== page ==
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Date: Thursday, January 19th, 2017, 05:30
Category: Developer, News, security, Software

Apple appears to have nixed the “Fruitfly” malware strain.

The malware, which has been patched over, relied on antiquated code predating OS X. Although older, the Fruitfly malware had been used in real-world attacks on biomedical research groups according to security software maker Malwarebytes.

Fruitfly operated by communicating with two command-and-control servers, and can perform actions like typing, webcam and screen captures, and moving and clicking a mouse cursor, Malwarebytes said in a blog post on Wednesday. It also maps other devices on a network and tries to connect to them.

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Safari-get.com URL leads to new malware strain for macOS-based machines

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Date: Monday, January 9th, 2017, 05:00
Category: macOS, News, security, Software

You’re going to need to be a little more careful when surfing the Web on your Mac.

For the past few weeks, people have been tricked into visiting a phony website embedded with malware that can freeze Macs, according to a report this week by the cybersecurity firm Malwarebytes.

The new malware, which can be activated by visiting safari-get.com, can trigger two sets of actions depending on the version of the computers’ operating systems.

In one case, the malware causes the computer’s Apple email client to create a deluge of draft emails that contain the words “Warning! Virus Detected!” in the email subject line. Although the emails don’t get actually get delivered to anyone, the sudden flood of draft emails hogs the computer’s resources, thus causing the computer to freeze.

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Yahoo discloses details of August 2013 hack, says more than one billion accounts compromised in effort

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Date: Thursday, December 15th, 2016, 05:32
Category: Hack, Hacks, News, security

yahoomail

It doesn’t look good when half a billion of your company’s email accounts are hacked.

And it looks a bit worse when a cool billion of them in total were hacked.

Yahoo on Wednesday announced that it believes more than one billion Yahoo user accounts were compromised in a hack by an unauthorized third party in August of 2013.

The company disclosed that information stolen from affected accounts includes names, email addresses, telephone numbers, birth dates, hashed passwords, and both encrypted and unencrypted security questions and answers. Clear text passwords, bank account information, and credit/debit card information were not believed to be accessed in the attack.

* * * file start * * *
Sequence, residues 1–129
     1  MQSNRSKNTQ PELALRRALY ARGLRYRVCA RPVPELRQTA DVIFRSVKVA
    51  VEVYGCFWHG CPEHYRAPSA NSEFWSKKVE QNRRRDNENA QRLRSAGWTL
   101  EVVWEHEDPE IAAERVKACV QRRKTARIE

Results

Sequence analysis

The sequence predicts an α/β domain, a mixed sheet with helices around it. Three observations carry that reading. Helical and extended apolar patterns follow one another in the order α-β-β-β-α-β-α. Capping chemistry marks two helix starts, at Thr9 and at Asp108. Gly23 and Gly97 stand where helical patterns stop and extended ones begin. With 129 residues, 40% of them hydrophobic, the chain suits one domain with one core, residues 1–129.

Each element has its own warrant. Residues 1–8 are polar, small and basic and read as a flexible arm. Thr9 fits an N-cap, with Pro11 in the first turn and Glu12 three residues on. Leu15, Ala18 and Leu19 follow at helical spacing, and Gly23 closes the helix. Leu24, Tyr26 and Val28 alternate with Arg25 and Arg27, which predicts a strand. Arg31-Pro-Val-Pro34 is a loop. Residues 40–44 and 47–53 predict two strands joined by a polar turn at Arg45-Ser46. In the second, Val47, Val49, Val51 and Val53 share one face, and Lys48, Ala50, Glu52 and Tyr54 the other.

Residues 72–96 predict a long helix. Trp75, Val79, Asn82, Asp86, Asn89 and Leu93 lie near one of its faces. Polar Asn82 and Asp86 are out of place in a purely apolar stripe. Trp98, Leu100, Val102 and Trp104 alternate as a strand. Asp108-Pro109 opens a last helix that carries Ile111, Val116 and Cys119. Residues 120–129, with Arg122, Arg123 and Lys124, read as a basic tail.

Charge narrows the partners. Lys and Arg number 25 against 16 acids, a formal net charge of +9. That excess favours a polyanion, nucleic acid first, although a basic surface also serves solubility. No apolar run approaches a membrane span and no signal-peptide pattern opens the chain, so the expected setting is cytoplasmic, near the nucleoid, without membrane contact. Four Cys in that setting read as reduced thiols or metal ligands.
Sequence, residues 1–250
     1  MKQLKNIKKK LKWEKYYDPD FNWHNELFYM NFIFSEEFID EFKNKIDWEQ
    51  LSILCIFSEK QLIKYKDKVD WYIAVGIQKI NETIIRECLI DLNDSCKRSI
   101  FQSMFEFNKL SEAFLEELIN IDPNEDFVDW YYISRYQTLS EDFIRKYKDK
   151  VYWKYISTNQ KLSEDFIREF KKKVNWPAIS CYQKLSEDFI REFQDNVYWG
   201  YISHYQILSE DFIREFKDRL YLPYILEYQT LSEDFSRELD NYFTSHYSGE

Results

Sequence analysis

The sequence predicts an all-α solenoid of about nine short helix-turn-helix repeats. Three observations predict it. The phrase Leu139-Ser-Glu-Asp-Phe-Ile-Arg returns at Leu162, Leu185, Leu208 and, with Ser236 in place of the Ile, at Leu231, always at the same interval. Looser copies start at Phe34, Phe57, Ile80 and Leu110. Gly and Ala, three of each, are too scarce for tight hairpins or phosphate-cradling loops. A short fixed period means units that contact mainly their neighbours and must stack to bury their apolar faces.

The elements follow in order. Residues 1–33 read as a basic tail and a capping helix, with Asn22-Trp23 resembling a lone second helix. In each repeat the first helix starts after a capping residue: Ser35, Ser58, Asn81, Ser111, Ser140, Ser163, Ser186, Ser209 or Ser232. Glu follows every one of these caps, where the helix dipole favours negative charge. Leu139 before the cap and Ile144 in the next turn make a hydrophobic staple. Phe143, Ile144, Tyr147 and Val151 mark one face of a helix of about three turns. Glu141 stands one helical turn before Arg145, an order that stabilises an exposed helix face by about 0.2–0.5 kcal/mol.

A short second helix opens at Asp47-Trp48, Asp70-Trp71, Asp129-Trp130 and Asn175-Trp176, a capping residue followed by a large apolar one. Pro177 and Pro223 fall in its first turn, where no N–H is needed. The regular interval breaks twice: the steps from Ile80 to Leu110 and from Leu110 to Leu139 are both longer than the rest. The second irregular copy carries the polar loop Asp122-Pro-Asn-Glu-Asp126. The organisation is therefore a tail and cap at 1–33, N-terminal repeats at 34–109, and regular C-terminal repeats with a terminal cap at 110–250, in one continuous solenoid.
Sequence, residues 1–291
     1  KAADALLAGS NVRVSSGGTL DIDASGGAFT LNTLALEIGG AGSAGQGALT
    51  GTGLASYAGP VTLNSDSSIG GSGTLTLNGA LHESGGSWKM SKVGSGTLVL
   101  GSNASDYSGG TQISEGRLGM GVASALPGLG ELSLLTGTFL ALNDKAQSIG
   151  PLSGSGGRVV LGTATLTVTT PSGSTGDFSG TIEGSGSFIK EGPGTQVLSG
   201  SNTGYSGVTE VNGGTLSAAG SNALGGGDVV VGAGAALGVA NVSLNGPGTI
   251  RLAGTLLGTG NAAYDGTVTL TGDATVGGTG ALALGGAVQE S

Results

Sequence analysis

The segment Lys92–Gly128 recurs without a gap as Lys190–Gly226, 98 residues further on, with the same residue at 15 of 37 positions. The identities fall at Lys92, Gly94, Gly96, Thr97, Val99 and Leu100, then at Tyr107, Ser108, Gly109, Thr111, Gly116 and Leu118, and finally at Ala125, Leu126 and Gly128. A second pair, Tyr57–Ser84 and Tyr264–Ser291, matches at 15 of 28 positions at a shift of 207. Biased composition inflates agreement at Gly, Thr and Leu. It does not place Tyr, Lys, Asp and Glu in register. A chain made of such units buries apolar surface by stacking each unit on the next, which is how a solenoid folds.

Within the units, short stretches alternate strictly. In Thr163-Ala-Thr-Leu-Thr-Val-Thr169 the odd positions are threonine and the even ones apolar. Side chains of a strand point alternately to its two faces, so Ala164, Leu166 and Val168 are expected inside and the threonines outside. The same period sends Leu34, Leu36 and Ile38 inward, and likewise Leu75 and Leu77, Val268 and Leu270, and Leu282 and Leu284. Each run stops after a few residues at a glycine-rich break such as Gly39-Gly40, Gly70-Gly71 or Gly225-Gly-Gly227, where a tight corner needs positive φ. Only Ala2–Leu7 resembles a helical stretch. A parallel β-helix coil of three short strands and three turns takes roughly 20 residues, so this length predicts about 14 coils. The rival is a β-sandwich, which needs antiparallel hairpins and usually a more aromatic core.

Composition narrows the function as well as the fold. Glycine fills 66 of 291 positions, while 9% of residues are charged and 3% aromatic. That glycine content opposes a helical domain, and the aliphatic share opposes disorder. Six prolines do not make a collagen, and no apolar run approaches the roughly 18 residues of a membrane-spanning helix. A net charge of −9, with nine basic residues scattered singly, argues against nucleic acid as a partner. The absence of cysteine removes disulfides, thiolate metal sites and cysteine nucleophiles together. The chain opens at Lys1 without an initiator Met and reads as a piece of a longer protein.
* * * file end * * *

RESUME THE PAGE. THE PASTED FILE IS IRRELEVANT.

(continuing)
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iPhones secretly storing call data in iCloud, allows later access for law enforcement (Updated)

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Date: Friday, November 18th, 2016, 05:43
Category: iOS, iPhone, privacy, security, Software

applelogo1

This definitely qualifies as a mess between privacy, security and law enforcement.

While Apple emerged as a guardian of privacy earlier this year, fighting the FBI’s demands to help crack San Bernadino shooter Syed Farouk’s iPhone, implementing improved encryption for all its handsets and refusing to undermine that encryption, it appears that private data is being sent to the iCloud without user consent.

Russian digital forensics firm Elcomsoft has found that Apple’s mobile devices automatically send a user’s call history to the company’s servers if iCloud is enabled — but the data gets uploaded in many instances without user choice or notification.

“You only need to have iCloud itself enabled” for the data to be sent, said Vladimir Katalov, CEO of Elcomsoft.

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Some newer MacBook Pro units arriving with System Integrity Protection feature disabled

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Date: Friday, November 18th, 2016, 05:06
Category: MacBook Pro, macOS, News, OS X, security, Software

macbook_pro_sip_off

This is kind of strange.

Since the days of OS X El Capitan, Apple has activated a protection feature called System Integrity Protection, which is designed to keep your Mac safe from malware by restricting the permissions of the root user account and preventing unauthorized access to protected files and folders.

The program runs behind the scenes and is generally enabled by default in Mac running OS X El Capitan. Developer Jonathan Wight noticed that the System Integrity Protection feature has been disabled on newer Macs, prompting developer Steven Troughton-Smith to do an informal Twitter survey asking users about the status of their new machines.